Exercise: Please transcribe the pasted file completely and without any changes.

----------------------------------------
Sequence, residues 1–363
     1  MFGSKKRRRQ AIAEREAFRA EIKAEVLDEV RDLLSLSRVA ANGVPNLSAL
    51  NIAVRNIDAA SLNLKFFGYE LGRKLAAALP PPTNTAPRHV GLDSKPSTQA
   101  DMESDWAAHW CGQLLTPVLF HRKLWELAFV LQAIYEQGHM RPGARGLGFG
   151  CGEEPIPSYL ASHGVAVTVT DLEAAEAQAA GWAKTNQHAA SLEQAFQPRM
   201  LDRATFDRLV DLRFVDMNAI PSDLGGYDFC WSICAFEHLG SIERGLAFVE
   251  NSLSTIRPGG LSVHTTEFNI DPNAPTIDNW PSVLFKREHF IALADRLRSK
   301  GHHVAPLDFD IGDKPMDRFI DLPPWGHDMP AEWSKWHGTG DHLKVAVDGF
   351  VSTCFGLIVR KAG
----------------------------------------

Sequence, residues 1–363
     1  MFGSKKRRRQ AIAEREAFRA EIKAEVLDEV RDLLSLSRVA ANGVPNLSAL
    51  NIAVRNIDAA SLNLKFFGYE LGRKLAAALP PPTNTAPRHV GLDSKPSTQA
   101  DMESDWAAHW CGQLLTPVLF HRKLWELAFV LQAIYEQGHM RPGARGLGFG
   151  CGEEPIPSYL ASHGVAVTVT DLEAAEAQAA GWAKTNQHAA SLEQAFQPRM
   201  LDRATFDRLV DLRFVDMNAI PSDLGGYDFC WSICAFEHLG SIERGLAFVE
   251  NSLSTIRPGG LSVHTTEFNI DPNAPTIDNW PSVLFKREHF IALADRLRSK
   301  GHHVAPLDFD IGDKPMDRFI DLPPWGHDMP AEWSKWHGTG DHLKVAVDGF
   351  VSTCFGLIVR KAG